Navigating the world of dating can be overwhelming and scary, but adding a toddler to the mix makes it even more so. Not only are you getting to know a potential partner, but you have to decide when to introduce your date to your toddler. There aren't any hard and fast rules about entering the dating game with a toddler on board, but being prepared for the obstacles can help you and your toddler get through them intact.
You've met someone new and are dating each other, but you probably aren't ready to introduce your new partner to your toddler. Separating from your toddler's other parent can make your child clingy and upset, so it's important to take things slowly when you start dating again, according to Alice Sterling Honig, a professor emerita of child development at Syracuse University, on the "Scholastic" website. Spend time with your new boyfriend when your toddler is at his other parent's house or with a sitter. This allows you to get to know each other and keeps your toddler from becoming upset by seeing you with someone else. Tell your toddler you're spending time with a friend, if that makes him feel better about you leaving him behind for a date.
Your Toddler's Point of View
Even though a toddler is probably too young to understand all the dynamics of a grown-up and romantic relationship, she probably knows that a separation means her parents aren't together anymore. This can make a toddler possessive, and she may have a hard time sharing you with someone else, Sterling Honig notes. Even if she doesn't realize you're dating again, knowing that you are going out without her can be upsetting. You might notice your toddler regressing to earlier behaviors, such as potty accidents, and she may want to be held more often than usual. She may be cranky and not want to be away from you at all.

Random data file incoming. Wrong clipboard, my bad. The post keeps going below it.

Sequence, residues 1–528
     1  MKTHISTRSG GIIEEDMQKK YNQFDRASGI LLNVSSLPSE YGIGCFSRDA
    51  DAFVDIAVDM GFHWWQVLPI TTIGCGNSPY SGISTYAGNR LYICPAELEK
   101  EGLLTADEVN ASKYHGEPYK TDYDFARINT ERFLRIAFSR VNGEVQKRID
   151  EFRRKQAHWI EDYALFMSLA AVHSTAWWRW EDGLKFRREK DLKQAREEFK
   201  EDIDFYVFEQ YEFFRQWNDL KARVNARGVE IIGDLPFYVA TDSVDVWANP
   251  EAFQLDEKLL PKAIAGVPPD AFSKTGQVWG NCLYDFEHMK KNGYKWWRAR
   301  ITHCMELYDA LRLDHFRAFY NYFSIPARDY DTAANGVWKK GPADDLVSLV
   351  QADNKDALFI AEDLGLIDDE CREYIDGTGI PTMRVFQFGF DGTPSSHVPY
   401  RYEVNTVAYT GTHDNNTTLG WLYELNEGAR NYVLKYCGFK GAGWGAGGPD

It can be very hard for a toddler to form an attachment to a new person, only to lose him if you break up. For this reason, HealthyChildren.org, published by the American Academy of Pediatrics, suggests waiting to introduce your toddler to this new person until you're sure that the relationship is serious. Once you feel it's appropriate, make introductions slowly. Tell your toddler that your date is a friend and let him set the pace for playing, talking or spending time together. Your toddler might warm up quickly, or it might take him awhile to accept this new person. Don't force anything because if you want the relationship to last, a bond between your date and your toddler is vital.
Once you've introduced your new partner to your toddler and they form a relationship, your child might get upset if you want to have a date without kids. It's fine to leave her behind for some dates, but taking her along sometimes is good, too. It gives you a chance to form a unit, which is especially important if you plan to get married and start a new family. Take your toddler on a picnic, go play on the playground, see a kid-friendly movie or spend an afternoon playing at home. This gives your toddler and your partner a chance to build a relationship and lets you spend time with both of them.
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